Instrumentarium manufactures products for the anesthesia, critical care, diagnostic imaging and infant care sectors. GE Medical's products serve the medical imaging, interventional procedures, healthcare services and information technology segments.
IsoTis-GenSci OrthoBiologics deal completed
The merger between IsoTis (Lausanne, Switzerland) and GenSci OrthoBiologics (Irvine, California) was completed in late October, resulting in the formation of IsoTis OrthoBiologics. The new company, which has about 150 employees, has its corporate headquarters in Lausanne and operations in Bilthoven, the Netherlands, and Irvine. It has a product portfolio containing six orthobiologic products on the market and nine in development. Pro forma product sales totaled about $23 million in 2002.
Management of the newly combined firm said it expects full-year 2003 sales to "slightly exceed" the 2002 combined sales figure of $23 million, adding that it expects to achieve profitability during 2005.
Jacques Essinger, chief executive officer of the merged firm, said, "We have a strong product range on the market, with substantial distribution power; we have a near-term pipeline and the development expertise to keep introducing new orthobiologics solutions; we have access to one of the world's largest research groups in our field to fuel long-term growth; and we have the organization and the financial resources to put the company on a steep growth curve in the years to come."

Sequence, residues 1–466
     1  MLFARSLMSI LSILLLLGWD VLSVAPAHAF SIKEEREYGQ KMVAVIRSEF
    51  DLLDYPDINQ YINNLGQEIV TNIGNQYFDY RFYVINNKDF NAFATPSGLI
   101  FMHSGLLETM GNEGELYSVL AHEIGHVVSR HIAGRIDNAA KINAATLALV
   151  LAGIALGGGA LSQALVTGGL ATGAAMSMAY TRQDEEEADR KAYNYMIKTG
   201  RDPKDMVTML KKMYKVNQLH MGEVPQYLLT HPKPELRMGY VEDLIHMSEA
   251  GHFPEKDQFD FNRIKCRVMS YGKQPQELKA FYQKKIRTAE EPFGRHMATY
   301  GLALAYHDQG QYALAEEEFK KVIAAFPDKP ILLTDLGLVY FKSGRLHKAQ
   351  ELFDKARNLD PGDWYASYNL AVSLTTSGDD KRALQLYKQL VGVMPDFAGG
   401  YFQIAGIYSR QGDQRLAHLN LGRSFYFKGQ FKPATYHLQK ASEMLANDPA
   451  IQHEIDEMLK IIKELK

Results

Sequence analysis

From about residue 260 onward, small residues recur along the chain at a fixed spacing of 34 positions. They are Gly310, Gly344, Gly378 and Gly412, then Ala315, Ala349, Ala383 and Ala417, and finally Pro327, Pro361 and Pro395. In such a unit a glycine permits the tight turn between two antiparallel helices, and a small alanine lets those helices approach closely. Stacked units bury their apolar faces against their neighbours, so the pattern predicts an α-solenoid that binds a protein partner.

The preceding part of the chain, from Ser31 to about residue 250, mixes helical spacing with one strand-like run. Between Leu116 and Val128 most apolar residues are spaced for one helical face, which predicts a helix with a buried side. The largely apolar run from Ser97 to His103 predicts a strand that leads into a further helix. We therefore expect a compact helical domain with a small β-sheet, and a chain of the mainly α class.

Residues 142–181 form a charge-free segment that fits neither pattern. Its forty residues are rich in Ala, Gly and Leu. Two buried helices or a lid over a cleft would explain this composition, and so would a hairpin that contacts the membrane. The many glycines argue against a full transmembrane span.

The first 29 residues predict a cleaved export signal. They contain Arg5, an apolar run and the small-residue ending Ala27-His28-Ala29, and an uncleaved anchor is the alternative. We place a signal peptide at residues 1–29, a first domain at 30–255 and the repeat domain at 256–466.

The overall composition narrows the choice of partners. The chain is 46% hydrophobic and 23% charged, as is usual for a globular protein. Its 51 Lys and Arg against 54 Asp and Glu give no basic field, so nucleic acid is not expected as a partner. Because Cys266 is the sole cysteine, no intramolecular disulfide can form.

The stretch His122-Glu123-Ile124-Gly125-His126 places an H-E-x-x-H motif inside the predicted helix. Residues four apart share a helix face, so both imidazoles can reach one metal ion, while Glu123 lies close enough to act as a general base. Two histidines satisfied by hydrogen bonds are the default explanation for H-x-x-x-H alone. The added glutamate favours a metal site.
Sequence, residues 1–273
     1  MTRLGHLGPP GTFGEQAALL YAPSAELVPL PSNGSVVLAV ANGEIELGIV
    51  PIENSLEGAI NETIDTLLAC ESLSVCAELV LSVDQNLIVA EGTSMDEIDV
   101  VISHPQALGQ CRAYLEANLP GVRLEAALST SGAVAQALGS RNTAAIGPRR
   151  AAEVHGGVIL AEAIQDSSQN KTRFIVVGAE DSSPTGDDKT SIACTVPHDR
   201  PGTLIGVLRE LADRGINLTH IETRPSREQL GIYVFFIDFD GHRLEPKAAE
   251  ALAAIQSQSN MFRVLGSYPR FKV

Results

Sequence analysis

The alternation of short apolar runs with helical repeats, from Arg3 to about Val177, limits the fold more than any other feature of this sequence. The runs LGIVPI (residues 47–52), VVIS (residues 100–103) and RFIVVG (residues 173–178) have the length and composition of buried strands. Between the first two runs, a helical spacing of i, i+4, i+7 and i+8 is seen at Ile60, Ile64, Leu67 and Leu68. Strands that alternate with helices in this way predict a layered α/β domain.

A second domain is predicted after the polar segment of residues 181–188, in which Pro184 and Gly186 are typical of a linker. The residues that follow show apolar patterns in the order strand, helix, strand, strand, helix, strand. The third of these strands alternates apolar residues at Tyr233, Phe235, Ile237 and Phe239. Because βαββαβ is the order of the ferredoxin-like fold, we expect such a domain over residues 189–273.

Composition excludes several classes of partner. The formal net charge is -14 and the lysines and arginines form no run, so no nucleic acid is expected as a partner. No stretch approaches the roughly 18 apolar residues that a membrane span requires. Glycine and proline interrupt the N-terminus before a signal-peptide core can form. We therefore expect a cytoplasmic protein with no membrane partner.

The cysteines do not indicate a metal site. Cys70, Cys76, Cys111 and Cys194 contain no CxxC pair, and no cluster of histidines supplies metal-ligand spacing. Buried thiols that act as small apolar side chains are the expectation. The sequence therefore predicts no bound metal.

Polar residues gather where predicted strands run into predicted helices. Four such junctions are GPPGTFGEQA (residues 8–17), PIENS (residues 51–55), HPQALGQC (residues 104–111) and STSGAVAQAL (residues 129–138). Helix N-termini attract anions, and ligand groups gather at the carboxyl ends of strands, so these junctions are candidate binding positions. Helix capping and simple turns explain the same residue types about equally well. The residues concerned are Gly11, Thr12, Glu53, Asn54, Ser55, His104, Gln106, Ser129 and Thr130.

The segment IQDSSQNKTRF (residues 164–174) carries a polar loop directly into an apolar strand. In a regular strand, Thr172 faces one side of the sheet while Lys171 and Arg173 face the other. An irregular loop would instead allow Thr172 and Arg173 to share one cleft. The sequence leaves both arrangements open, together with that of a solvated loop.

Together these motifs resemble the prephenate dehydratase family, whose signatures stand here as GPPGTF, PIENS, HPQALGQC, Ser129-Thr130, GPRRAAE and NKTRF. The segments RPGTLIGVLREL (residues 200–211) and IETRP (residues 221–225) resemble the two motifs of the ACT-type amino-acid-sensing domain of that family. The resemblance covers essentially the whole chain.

IsoTis reported earlier in the month that it was transferring its in-house orthobiology research group to the University of Twente in Bilthoven, where it will become part of the university's Biomedical Technology Institute. The research group will focus on the biology and repair of musculoskeletal tissues, with IsoTis owning the resulting technology or products in exchange for financial support of the research program.